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Gas Turbines: Structures and Dynamics

Effects of Bending Moments and Pretightening Forces on the Flexural Stiffness of Contact Interfaces in Rod-Fastened Rotors

[+] Author and Article Information
Jin Gao

School of Energy and Power Engineering  Xi’an Jiaotong University 710049 Xi’an, Chinagaojin1985@stu.xjtu.edu.cn

Qi Yuan

School of Energy and Power Engineering  Xi’an Jiaotong University 710049 Xi’an, Chinaqyuan@mail.xjtu.edu.cn

Pu Li

School of Energy and Power Engineering  Xi’an Jiaotong University 710049 Xi’an, Chinaphililplee@stu.xjtu.edu.cn

Zhenping Feng

School of Energy and Power Engineering  Xi’an Jiaotong University 710049 Xi’an, Chinazpfeng@mail.xjtu.edu.cn

Hongtao Zhang

 Harbin Turbine Company Limited Harbin, Heilongjiang, P.R. Chinazhanght@htc.com.cn

Zhiqiang Lv

 Harbin Turbine Company Limited Harbin, Heilongjiang, P.R. Chinalvzq@htc.com.cn

J. Eng. Gas Turbines Power 134(10), 102503 (Aug 22, 2012) (8 pages) doi:10.1115/1.4007026 History: Received June 18, 2012; Revised June 20, 2012; Published August 22, 2012; Online August 22, 2012

The rod-fastened rotor (RFR) is comprised of a series of discs clamped together by a central tie rod or several tie rods on the pitch circle diameter. The equivalent flexural stiffness of contact interfaces K c in the RFR is the key concern for accurate rotor dynamic performance analysis. Each contact interface was modeled as a bending spring with a stiffness of Kc and a hinge in this study. The contact states of the contact interfaces, which depend on the pretightening forces and bending moments (static), have effects on Kc . The approach to calculating Kc in two contact states is presented. The first contact state is that the whole zone of the contact interface is in contact; Kc is determined by the contact layer, which consists of asperities of the contact surfaces. Hertz contact theory and the Greenwood and Williamson (GW) statistical model are used to calculate the equivalent flexural stiffness of the contact layer Kcc . The second contact state is that some zones of the contact interface are separated (when the bending moment is relatively large); the equivalent flexural stiffness of the rotor segment Ksf (not including Kcc ) decreases, as the material in the separated zone has no contribution to the bending load-carrying capacity of the rotor. The strain energy, which is calculated by the finite element method (FEM), is used to determine Ksf . The stiffness Ksf is equivalent to the series stiffness of the discs of the rotor segment with flexural stiffness of Kd and a spring with bending stiffness of Kcf in the location of the contact interface, so Kc is equal to the series stiffness of Kcc and Kcf in the second contact state. The results of a simplified RFR indicate that, for a fixed pretightening force, Kcc decreases with bending moments in the first contact state, whereas increases with bending moments in the second contact state. In addition, Kcf and Kc decrease abruptly with the increase of bending moments in the second contact state when the rotor is subjected to a relatively large pretightening force. Finally, the multipoint exciting method was used to measure the modal parameters of the experimental RFR. It is found that the experimental modal frequencies decrease as the pretightening force decreases.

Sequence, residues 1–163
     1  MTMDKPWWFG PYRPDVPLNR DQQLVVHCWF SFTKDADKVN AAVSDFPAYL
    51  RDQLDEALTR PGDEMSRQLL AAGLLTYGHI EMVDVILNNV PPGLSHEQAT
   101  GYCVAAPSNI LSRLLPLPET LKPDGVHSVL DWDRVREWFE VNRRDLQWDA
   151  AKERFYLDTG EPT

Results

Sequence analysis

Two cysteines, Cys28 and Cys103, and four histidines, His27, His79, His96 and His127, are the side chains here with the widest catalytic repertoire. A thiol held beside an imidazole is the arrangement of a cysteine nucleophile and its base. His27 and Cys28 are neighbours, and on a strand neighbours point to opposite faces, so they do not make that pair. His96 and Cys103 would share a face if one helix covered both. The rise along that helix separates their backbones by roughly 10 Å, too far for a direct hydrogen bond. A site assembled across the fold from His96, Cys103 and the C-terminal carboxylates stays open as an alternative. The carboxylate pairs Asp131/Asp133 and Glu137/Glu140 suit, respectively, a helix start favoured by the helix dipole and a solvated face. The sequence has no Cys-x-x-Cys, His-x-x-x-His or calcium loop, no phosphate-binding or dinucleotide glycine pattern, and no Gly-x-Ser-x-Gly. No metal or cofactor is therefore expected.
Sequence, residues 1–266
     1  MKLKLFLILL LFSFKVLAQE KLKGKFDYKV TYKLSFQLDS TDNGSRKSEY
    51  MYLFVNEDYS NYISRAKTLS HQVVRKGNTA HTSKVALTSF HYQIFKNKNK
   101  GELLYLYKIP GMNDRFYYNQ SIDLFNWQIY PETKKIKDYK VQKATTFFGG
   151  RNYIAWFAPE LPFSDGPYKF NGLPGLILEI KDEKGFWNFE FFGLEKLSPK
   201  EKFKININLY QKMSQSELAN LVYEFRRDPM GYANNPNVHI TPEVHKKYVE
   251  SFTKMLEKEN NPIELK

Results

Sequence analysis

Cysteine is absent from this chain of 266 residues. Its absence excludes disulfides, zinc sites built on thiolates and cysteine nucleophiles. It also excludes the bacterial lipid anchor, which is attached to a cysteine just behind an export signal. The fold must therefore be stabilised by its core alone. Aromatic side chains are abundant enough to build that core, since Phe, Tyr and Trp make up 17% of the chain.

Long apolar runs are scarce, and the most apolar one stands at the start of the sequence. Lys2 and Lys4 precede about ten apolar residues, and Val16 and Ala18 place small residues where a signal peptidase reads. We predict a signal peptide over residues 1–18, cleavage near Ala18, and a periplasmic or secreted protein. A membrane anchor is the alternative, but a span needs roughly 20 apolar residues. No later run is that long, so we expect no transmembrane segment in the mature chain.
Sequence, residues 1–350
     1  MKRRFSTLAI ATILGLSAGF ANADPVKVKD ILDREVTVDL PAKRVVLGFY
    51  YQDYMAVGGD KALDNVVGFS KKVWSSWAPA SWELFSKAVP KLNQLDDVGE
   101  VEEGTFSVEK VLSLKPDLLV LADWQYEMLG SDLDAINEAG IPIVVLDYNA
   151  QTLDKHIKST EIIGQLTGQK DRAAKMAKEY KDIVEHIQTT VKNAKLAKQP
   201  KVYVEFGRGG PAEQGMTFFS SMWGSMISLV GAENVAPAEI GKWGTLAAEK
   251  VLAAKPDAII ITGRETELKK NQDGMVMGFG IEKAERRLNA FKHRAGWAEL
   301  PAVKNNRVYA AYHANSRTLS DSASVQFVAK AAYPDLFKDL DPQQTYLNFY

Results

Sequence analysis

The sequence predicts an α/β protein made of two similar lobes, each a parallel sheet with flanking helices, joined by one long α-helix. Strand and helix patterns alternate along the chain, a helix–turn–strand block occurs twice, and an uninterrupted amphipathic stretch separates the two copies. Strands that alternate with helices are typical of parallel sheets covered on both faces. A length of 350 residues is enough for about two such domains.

Copyright © 2012 by American Society of Mechanical Engineers
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References

Figures

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Figure 12

Finite element model for modal analysis

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Figure 13

Connection element of contact interface

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Figure 14

(a) Modal frequency versus dimensionless load α (α = 1/γ11 ). (b) Modal frequency versus dimensionless load α (α = 1/γ11 ). (c) Modal frequency versus dimensionless load α (α = 1/γ11 ).

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Figure 15

Mode shapes of the experimental rotor

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Figure 16

Relative errors between the calculated fifth order modal frequencies and test results (Kcc0  = Kcc for M = 0)

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Figure 1

Typical structure of a RFR

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Figure 2

Structure of a RFR segment

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Figure 3

Schematic for the contact surface

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Figure 4

Schematic diagram for calculating Kcc

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Figure 5

Structure of the experimental RFR

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Figure 6

Finite element model of the experimental RFR

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Figure 7

Contact stiffness of unit area of nominal contact surface versus normal pressure

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Figure 8

Equivalent flexural stiffness of contact layers Kcc versus dimensionless load γ11 (Kcc0  = Kcc for M = 0)

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Figure 9

Equivalent flexural stiffness of contact interface (calculated by FEM) versus dimensionless load γ11

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Figure 10

Equivalent flexural stiffness of contact interface versus dimensionless load γ11

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